Take Two®

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Mark Bittman explains why California's GMO labeling proposition failed

by Take Two®

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A shopper walks by organic products in a Whole Foods Market natural and organic food store, among the first to have USDA-certified organic products on October 21, 2002 in Tustin, California. New U.S. Department of Agriculture organic label standards went into effect today to standardize regulations for foods grown without synthetic pesticides or other chemicals. Whole Foods Market is the nation's largest organic food chain. David McNew/Getty Images

If Prop 37 would have passed, it would have forced food producers to label products containing genetically modified organisms. It lost at the ballot box by 6 percentage points. A tax on sugary drinks in El Monte also failed to gain enough support to pass. What do these defeats mean for the healthy-food movement?

New York Times food writer Mark Bittman was an outspoken advocate for prop 37, he explains why he thinks the measure failed. 

Interview Highlights:

Why do you think prop 37 failed?
"I think that there was a little bit of perhaps disorganization among the coalition that was supporting California Right To know. But mostly I was thinking that the propaganda and, quite frankly, the lies that were spread by the No vote people and the fact that they could get their message out so well because they were spending so much money was largely responsible for the failure of the measure. If the money that was spent had been roughly equal it would have passed, but none of the big food producers, producers of hyper-processed foods are going to let that happen without a fight. Whatever the arguments against this was I think its a good and legitimate first attempt to really let consumers know how their food is produced”

When big food corporations have so much money to prevent measures like these from happening, do you think there ever will be chance for them to pass?
“The problem is there is not natural wealthy constituency for pro-labeling. It’s people. It’s consumers. And consumers don’t have a billion-dollar organization that can say, "OK we are going spend $40 million to get this passed in California cause if we do, as California goes, so goes the country. So what Michael Pollan said in the Times a month ago is that beverage companies, when fighting the soda tax, and hyper-processed food companies, when fighting the labeling, are playing a game of whack-a-mole. Every time something like this comes up they will do their best to knock it down. So maybe if there are 10 or 15 or 30 of these kinds of initiatives on ballots in different cities in a given year then maybe it could just kind of overwhelm the resources of these big food companies.”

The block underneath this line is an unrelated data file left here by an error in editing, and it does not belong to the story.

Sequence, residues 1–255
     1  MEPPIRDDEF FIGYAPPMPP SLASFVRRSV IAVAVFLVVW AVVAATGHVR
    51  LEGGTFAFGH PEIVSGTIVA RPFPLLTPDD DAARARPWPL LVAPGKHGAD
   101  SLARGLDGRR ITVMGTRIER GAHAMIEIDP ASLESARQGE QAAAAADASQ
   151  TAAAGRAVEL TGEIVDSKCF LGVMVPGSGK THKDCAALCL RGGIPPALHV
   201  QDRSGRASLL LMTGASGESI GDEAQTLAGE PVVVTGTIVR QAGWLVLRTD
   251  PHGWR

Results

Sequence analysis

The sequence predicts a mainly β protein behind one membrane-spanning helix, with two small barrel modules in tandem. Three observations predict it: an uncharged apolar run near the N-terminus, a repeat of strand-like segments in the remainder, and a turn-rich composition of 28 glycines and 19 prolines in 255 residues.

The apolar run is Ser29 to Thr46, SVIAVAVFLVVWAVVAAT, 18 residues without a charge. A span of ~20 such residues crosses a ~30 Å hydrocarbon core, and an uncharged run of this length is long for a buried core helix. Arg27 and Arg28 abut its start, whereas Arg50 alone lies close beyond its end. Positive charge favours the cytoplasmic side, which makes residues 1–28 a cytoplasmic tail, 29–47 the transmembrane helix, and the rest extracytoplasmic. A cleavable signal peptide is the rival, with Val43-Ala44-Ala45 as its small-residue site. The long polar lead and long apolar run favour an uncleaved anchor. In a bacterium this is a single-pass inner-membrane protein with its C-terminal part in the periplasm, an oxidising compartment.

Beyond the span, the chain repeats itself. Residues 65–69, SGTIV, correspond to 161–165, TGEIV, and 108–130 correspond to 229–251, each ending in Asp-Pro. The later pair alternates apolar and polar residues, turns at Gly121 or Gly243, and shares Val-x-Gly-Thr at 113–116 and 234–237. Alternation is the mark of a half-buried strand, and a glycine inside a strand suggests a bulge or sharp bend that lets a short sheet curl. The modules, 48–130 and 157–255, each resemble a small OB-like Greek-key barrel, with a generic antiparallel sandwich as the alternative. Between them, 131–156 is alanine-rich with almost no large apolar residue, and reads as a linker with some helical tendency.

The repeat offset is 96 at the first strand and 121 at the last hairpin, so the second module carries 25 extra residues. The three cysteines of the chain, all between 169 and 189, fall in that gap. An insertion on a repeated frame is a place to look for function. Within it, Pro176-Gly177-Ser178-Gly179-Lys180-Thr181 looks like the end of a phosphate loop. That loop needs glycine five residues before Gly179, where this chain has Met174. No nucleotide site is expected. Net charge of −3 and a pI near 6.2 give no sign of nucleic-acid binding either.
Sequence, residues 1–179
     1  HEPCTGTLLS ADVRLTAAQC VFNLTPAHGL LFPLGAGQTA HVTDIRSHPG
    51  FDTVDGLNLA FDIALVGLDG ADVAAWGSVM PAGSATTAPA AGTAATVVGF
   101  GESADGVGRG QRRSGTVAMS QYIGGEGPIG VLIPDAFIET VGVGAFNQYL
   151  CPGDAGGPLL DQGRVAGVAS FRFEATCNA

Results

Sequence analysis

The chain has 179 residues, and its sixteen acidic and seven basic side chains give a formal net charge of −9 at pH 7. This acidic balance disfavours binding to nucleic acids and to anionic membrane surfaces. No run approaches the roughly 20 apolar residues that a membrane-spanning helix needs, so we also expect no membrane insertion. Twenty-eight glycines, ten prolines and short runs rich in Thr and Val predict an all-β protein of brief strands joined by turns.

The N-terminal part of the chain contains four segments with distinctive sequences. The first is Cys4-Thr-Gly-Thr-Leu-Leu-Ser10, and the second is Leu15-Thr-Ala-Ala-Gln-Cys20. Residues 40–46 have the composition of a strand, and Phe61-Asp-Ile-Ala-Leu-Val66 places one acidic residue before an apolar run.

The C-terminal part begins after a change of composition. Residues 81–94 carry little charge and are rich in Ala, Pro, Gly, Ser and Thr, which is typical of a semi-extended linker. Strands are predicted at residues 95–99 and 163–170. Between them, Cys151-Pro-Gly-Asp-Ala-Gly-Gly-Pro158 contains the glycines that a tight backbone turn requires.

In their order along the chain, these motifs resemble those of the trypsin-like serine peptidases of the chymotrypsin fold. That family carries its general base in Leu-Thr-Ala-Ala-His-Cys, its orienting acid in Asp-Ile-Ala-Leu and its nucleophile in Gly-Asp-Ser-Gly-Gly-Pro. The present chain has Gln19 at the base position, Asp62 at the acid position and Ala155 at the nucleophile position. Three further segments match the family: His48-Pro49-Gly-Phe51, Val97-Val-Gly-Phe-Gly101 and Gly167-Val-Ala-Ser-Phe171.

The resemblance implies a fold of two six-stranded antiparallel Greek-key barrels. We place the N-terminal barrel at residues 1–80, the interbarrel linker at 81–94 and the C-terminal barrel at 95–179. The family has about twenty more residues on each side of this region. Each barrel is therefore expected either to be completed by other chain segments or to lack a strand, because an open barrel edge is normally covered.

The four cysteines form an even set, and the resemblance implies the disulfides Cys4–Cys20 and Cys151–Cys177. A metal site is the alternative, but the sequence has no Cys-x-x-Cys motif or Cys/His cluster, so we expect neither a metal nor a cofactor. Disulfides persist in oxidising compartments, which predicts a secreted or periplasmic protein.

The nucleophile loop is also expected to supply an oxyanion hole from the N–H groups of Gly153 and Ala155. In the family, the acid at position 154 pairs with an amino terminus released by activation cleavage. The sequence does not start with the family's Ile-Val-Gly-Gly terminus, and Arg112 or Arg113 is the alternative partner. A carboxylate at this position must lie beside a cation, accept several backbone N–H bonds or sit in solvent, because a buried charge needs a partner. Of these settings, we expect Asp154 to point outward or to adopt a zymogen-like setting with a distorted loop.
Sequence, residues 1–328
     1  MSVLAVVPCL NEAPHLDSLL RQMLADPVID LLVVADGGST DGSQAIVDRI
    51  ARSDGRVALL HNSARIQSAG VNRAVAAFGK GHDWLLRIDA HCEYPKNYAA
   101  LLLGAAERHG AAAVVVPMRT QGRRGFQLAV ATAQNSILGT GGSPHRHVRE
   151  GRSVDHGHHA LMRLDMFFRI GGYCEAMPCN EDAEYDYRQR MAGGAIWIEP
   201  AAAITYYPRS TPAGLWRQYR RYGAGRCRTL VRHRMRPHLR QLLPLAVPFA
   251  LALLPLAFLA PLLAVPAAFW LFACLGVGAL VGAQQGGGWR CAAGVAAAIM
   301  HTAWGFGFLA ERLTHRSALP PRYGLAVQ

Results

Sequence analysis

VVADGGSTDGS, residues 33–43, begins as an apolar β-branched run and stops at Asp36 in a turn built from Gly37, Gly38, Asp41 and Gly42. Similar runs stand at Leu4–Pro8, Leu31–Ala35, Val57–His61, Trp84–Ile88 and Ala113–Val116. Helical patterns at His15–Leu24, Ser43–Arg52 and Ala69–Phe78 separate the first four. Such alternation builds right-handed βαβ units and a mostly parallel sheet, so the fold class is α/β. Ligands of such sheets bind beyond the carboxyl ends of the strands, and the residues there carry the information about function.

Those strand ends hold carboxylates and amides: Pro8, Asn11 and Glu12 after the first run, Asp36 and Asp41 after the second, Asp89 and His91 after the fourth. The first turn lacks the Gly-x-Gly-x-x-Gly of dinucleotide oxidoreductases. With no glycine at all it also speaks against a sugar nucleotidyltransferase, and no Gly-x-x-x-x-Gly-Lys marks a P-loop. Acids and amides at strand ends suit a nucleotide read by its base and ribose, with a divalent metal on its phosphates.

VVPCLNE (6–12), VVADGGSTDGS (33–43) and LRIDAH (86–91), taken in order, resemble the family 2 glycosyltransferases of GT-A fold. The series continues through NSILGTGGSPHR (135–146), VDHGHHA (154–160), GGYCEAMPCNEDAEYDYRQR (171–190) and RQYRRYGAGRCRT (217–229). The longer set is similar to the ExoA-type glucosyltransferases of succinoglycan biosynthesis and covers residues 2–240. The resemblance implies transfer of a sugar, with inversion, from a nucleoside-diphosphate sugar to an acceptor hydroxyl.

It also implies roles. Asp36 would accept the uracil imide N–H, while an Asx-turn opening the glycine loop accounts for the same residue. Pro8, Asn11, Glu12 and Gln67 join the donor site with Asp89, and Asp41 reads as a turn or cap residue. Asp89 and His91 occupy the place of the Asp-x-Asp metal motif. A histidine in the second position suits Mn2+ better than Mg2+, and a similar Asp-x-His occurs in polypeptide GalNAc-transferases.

For the Yes-vote campaign on prop 37, do you think they made a mistake in using the method of scaring people about what might be in their food?
“I don’t know that I think it is a mistake in general to scare people about what’s in their food but I think there is very little evidence that eating foods that contain GMOs is dangerous, it doesn’t mean that its not I just don’t think that its something you can categorically say at this point. I do think that GMOs are overrated and I think that they have done more damage to the environmental landscape than they have helped it. Having said all of that I think it was a mistake to sink to the level that the yes vote had sunk to saying ‘GMOs are going to kill you GMOs are bad for you,’ because the science isn’t there and you want to be right, and if the right is on your side you might as well tell the truth and not exaggerate. GMOs themselves, it’s not clear that they are evil. Being not so great or not as good as promised or being somewhat damaging or problematic is not the same as being evil or carcinogenic.”

The soda tax in El Monte failed, what does this say about how the public feels about the government telling them what they can and can’t eat?
“In El Monte the soda tax got 23 percent of the vote, in Richmond it got 33 percent, the fact that 33 percent of these average California cities have voted in favor of taxing themselves in order to try to protect their children to reduce their consumption of beverages that most people are beginning to see as harmful, I’m not sure that’s a failure. Because something is going to happen to limit soda consumption and something is going to happen to allow people to be more aware of what they are eating. Ten or 20 years after that happens we are going to say, "Oh we fought that change but now we are living with it and indeed life is better.'”

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